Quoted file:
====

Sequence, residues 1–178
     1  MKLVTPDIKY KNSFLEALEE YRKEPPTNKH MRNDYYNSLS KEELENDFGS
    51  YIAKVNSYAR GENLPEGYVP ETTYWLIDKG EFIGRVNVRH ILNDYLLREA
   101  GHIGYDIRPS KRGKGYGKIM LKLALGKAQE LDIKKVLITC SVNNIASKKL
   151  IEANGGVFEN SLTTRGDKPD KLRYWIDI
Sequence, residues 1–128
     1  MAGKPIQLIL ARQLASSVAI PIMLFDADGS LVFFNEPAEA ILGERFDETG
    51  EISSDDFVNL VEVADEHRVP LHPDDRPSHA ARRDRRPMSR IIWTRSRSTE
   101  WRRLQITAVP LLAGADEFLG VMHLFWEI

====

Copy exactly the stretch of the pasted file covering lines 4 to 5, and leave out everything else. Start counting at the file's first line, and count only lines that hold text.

   101  GHIGYDIRPS KRGKGYGKIM LKLALGKAQE LDIKKVLITC SVNNIASKKL
   151  IEANGGVFEN SLTTRGDKPD KLRYWIDI